Ovid, with Vergil, his fellow poet in the court of Octavian (Caesar Augustus), made a coherent whole of the diverse mythologies that the Romans inherited. Vergil, primarily in his Aeneid, melded the Hercules, the Aeneas, and the Romulus and Remus legend cycles into a singular mythology for the founding of Rome.
Ovid, working on a grander scale in his Metamorphoses, brought Italian Peninsular creation mythology and primitive animistic beliefs into the classical Greek pantheon. After recounting the Creation of the world and man, after defining the Golden, Silver, Brazen, and Iron Ages, and after telling how the gods secured their place by defeating the Giants, Ovid launches into his grand catalogue of the changes (=metamorphoses) that explained how sacred plants, animals, and objects came to be revered. They were almost invariably brought about by amatory encounters, or by thwarted ones, between gods and mortals. There are strong currents of such love (or lust) and of didacticism throughout much of Ovid's poetry -- he is not only telling stories, but also teaching the dangers of attracting the attention of the Gods.
Since Ovid's time, his Metamorphoses has come to be his most famous poem, but it was the Amores (Loves) and the Ars Amatoria (Art of Loving) that were most popular in his own day. The latter two works were kept on locked library shelves for centuries and still today are hard to find in unexpurgated translations.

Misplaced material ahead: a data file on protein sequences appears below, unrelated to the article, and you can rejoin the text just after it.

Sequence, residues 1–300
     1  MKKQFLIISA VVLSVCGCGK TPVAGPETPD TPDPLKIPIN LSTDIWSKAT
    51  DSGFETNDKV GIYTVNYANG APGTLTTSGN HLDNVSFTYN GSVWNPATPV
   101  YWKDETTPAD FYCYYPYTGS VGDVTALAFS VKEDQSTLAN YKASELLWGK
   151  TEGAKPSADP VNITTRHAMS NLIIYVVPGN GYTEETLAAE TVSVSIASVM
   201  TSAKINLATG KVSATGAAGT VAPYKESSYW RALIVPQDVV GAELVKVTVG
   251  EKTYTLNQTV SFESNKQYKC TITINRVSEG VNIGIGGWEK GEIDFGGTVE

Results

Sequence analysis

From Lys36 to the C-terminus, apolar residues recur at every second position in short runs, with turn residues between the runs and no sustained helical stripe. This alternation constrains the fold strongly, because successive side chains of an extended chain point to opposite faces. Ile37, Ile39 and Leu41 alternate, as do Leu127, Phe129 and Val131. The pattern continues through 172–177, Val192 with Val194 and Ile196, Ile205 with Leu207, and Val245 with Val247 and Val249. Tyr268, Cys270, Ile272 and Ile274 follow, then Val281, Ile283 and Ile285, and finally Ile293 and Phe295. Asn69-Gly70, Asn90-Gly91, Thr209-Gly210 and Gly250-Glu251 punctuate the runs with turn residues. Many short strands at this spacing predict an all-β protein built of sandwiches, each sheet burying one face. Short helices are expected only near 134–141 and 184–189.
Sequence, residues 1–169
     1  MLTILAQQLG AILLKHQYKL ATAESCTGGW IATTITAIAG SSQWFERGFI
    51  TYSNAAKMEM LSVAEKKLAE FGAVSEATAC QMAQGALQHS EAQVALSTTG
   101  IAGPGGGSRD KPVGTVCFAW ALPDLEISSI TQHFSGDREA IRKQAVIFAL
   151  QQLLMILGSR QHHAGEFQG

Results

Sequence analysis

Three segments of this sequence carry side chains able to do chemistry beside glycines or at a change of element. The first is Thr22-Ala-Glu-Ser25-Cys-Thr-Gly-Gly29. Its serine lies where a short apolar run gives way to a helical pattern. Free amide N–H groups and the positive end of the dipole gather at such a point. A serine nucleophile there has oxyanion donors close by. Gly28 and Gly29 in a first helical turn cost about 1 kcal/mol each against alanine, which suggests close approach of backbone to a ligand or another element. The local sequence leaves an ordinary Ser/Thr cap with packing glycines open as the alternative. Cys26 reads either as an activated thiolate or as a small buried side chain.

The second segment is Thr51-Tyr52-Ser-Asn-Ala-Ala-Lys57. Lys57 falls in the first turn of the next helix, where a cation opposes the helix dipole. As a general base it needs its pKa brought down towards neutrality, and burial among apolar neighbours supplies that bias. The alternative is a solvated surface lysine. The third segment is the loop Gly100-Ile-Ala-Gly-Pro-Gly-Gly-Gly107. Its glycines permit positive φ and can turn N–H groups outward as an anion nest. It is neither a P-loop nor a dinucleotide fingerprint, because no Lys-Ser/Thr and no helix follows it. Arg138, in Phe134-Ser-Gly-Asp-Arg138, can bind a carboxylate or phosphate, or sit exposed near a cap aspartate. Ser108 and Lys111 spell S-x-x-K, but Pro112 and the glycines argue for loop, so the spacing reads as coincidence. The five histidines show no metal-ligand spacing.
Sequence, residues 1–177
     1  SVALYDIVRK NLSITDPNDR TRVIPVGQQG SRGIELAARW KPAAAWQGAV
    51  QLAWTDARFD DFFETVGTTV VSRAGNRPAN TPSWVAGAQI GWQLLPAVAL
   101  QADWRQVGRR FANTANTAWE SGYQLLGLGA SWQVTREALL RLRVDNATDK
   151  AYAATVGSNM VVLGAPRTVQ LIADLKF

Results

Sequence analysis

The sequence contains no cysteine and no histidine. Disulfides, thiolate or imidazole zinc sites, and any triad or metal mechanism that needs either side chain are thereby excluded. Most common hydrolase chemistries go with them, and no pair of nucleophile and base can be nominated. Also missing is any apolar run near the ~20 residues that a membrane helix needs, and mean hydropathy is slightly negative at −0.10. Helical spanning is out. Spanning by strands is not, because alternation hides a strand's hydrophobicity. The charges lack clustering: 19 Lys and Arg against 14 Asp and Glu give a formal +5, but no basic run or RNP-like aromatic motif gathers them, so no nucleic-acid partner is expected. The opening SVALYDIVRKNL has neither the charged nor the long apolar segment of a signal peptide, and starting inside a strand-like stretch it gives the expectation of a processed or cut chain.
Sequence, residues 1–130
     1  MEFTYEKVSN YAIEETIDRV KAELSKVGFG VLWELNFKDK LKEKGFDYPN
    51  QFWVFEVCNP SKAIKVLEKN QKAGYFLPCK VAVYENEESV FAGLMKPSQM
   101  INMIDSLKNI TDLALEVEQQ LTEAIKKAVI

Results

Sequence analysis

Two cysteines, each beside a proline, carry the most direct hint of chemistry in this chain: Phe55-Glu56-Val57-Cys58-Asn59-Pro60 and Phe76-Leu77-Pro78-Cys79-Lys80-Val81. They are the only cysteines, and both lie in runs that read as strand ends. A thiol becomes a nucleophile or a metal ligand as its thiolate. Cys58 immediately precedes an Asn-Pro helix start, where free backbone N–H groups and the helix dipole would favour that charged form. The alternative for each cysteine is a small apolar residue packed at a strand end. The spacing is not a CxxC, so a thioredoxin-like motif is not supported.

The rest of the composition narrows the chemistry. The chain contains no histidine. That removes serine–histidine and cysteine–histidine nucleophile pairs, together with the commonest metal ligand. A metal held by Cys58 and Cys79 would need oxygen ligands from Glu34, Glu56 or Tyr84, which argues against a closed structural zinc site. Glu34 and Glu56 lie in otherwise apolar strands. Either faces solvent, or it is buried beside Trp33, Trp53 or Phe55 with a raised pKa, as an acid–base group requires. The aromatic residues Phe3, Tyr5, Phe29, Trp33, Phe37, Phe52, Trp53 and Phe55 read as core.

Ovid entered the Augustan literary scene in about 23 BC when he was twenty. Within ten years he was Rome's most famous poet. But at age 50 (7 AD), he did something to anger Augustus -- no one knows what, because both Augustus and Ovid hid the facts -- and was dispatched to a primitive town called Tomis (modern Costanza in Romania) on the Black Sea. Scholars continue to speculate on what Ovid might have done to merit such a dreary exile. Some say that Ovid's mixed sexual appetites finally got to be too much for the "family values" Emperor, but other experts point out that Octavian had put up with the more exalted vices of Maecenas until Maecenas died, and had even given Maecenas honors and offices. Perhaps there was a political angle, or perhaps Ovid had written something that had insulted Livia, Octavian's beloved wife. Ovid himself linked his exile to "a poem" and "a mistake". Whatever the cause, Ovid's exilic poetry chronicled his dismay at being away from Rome and his eventual depression. Ovid died in Tomis around 17AD.
Ovid recently hit the newsstands again with the purported discovery of his home in a municipal construction site in the Tor di Quinto neighborhood near the bank of the Tiber River. The ruins are said to be quite extensive and include a large portrait mosaic perhaps of the poet himself. City authorities have pledged to incorporate the find in the building and to open it to the public.
There are many good Ovid sites on the Internet and here is a sample:
http://etext.lib.virginia.edu/latin/ovid/index.html Text of the Metamorphoses in English and Latin, with Renaissance illustrations.
http://patriot.net/~lillard/cp/ovid.html Ovid's extant works in Latin.
http://www.ipl.org/cgi-bin/ref/litcrit/litcrit.out.pl?au=ovi-299 Literary criticism and biography links.
http://www.times-archive.co.uk/news/pages/tim/2000/09/21/timfgneur01003.html Ovid's Villa discovered.
http://www.jiffycomp.com/smr/rob/faq/ovid_faq.php3 Info on Ovid and his works.
http://www.huygens.org/~hanssen/ovidius.html More Ovid Internet links.
http://www.galleriaborghese.it/borghese/en/edafne.htm Bernini's Apollo and Daphne -- the first of Ovid's Metamorphoses